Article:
LESOTHO: Helpline allows children to report abuse
Mpho Thaele, 19, is an orphan who has been selling sex on the streets of Maseru for the past two years
johannesburg, 13 June 2007 (IRIN) - Children in Lesotho will soon be able to report abuse simply by picking up the phone, thanks to a new helpline being piloted by the United Nations Children's Fund (UNICEF) and the Lesotho Ministry of Health and Social Welfare.
"We are piloting it in Maseru [the capital] this year, and it will be a free, 24-hour telephone service," Nafisa Binte-Shafique, UNICEF Lesotho's youth and adolescent development specialist, told IRIN/PlusNews.
The helpline is a result of a UNICEF-supported study released recently by the family health department of Lesotho's Ministry of Health and Social Welfare.
"According to information from the CGPU [child and gender protection unit], child abuse is rampant, particularly coercive sex and rape; girls are abused every day, usually by people they know," Binte-Shafique said.
The study found that orphaned
children and girls were at particular risk of abuse, exploitation and discrimination. The death of a parent, being beaten, lack of empathy from parents following rape and neglect were among the main reasons children gave for sometimes being "sad". Lesotho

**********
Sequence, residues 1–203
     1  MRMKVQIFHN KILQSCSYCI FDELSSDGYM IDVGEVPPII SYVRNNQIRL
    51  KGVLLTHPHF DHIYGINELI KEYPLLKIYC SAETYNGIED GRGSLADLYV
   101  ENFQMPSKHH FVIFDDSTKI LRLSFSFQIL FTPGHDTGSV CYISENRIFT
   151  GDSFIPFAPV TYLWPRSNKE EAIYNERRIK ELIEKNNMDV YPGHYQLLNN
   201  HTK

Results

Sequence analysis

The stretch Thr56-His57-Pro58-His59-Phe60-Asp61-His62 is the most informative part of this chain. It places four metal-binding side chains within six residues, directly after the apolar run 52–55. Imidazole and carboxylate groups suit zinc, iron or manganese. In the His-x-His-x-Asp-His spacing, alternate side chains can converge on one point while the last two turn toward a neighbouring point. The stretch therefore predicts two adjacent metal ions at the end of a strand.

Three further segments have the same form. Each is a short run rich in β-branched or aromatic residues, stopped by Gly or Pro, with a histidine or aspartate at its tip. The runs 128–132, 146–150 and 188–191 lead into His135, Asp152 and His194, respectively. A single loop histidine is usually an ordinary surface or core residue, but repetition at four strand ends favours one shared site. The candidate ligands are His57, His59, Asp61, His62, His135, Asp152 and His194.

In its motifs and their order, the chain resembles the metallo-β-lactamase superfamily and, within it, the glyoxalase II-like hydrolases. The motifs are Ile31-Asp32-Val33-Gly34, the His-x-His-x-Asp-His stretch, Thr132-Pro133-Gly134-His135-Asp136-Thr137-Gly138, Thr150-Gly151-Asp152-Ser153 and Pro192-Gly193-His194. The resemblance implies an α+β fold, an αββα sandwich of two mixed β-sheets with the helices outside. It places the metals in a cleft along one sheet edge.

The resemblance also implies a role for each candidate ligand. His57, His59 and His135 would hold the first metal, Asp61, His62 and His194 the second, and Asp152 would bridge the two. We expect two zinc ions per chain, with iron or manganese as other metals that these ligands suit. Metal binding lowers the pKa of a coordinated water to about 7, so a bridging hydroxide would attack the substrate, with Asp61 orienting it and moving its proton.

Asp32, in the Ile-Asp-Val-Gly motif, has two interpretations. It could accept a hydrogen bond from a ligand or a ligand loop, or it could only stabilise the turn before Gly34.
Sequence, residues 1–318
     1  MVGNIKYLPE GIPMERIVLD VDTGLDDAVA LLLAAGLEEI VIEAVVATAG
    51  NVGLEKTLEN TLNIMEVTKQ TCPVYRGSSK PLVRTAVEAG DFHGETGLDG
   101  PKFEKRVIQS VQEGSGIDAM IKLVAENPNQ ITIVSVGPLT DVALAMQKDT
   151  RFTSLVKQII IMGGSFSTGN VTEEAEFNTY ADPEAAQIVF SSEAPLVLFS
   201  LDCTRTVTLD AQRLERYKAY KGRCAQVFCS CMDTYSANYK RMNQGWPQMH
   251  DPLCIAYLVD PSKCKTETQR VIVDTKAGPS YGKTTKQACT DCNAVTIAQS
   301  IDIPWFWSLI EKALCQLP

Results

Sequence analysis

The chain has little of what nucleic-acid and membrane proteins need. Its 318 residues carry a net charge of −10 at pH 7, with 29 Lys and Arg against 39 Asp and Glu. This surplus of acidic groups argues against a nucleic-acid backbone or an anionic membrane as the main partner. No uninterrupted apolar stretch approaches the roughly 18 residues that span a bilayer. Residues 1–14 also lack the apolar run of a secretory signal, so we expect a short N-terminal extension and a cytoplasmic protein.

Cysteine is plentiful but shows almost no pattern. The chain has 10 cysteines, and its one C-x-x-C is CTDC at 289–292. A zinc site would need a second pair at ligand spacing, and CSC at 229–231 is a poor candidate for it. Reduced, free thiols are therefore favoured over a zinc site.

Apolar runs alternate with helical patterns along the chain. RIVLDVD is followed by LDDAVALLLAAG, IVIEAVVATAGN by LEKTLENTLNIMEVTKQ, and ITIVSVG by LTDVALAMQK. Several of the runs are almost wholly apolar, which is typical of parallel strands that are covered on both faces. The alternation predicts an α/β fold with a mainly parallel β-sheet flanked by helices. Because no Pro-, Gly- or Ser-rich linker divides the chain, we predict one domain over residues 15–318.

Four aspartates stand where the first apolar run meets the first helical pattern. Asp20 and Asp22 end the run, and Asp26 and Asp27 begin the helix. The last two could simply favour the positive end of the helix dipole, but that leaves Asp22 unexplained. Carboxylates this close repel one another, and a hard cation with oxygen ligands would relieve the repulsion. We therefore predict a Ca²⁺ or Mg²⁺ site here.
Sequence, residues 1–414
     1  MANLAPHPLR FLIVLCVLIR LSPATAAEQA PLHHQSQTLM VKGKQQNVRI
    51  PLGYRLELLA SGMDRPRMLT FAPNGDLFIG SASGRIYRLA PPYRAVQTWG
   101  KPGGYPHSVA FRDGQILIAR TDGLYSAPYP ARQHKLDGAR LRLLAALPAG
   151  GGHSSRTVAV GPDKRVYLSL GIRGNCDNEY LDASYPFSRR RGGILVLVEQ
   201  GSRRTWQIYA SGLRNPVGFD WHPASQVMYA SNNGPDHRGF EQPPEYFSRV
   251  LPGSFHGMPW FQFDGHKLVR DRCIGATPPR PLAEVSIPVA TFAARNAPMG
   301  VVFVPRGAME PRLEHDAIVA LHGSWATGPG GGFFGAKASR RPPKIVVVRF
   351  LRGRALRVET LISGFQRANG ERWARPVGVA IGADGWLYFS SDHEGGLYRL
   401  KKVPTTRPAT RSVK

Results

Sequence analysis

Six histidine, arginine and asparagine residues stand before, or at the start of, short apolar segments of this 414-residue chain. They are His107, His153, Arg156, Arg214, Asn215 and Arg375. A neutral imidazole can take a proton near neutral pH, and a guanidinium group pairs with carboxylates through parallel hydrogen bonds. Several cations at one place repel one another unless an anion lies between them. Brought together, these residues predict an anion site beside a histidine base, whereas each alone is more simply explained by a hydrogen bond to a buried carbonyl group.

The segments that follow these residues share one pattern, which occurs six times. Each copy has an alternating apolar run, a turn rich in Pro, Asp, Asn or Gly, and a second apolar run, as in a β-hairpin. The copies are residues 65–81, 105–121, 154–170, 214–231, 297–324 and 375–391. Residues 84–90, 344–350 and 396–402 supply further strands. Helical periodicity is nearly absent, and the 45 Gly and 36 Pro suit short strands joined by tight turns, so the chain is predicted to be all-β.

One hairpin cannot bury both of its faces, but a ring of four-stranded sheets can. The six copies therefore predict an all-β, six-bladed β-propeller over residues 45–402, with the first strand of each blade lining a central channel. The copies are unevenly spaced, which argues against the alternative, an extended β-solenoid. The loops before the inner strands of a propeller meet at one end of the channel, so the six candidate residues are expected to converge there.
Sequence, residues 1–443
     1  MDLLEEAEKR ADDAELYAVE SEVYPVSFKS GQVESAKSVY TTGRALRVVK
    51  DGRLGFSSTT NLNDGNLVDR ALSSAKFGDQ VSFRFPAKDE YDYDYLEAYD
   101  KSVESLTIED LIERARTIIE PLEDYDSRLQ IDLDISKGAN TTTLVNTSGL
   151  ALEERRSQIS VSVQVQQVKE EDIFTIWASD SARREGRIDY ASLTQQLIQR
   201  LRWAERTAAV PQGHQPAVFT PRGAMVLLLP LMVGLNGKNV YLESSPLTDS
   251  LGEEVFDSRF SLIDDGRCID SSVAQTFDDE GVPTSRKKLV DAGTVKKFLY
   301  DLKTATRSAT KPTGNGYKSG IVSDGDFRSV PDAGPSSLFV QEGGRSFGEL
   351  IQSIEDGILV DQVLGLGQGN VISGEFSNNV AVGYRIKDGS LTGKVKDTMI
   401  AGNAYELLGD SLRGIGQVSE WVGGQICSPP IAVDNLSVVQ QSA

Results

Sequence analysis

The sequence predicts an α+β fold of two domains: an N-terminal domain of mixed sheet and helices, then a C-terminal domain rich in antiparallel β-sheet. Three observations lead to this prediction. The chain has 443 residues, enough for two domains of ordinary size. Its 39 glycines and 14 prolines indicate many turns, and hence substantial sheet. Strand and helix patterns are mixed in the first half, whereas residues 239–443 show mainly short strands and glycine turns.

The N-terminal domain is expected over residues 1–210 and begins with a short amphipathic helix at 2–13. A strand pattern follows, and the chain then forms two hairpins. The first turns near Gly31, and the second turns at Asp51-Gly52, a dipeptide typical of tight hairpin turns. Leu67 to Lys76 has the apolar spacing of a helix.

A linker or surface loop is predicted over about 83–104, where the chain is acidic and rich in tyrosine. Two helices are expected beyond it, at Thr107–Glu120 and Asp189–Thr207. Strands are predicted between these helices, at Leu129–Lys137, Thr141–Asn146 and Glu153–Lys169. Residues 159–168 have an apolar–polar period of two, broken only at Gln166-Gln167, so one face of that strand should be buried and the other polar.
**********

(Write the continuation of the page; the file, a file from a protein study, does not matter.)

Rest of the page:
has an estimated 180,000 orphans, 100,000 of whom lost their parents to AIDS.
More than 90 percent of the children interviewed felt it was important to listen to their opinions. "Children are often raped and treated badly, especially orphans, so listening to our opinions is important to protect us from these problems," one 16-year-old girl told interviewers.
About 78 percent of children surveyed said they would call a helpline, while 81 percent had access to a phone, even in rural areas. Binte-Shafique said the service would have two lines – one mobile and one landline – and would have an easy-to-remember number.
"The first service provided will be telephone counselling, then the counsellors refer rape cases to the police and ministry of health, corporal punishment to the police and ministry of social welfare, and so on," she said, adding that girls who were raped would be directed to health centres where they could receive post-exposure prophylaxis.
Despite a 2001 Ministry of Health and Social Welfare study warning that sexual abuse against children was extremely common in Lesotho, social and familial pressure on children not to testify means most cases do not reach the courts and most abusers are not punished.
Binte-Shafique said recently the ministry had been raising awareness across the country about the channels available for abused children to get justice. "We hope that with the referral system the telephone service will use, we will be able to make sure these cases are all followed up properly," she added.
UNICEF is currently training child-friendly counsellors and searching for partners such as telecommunication providers and a non-governmental organisation to house the helpline.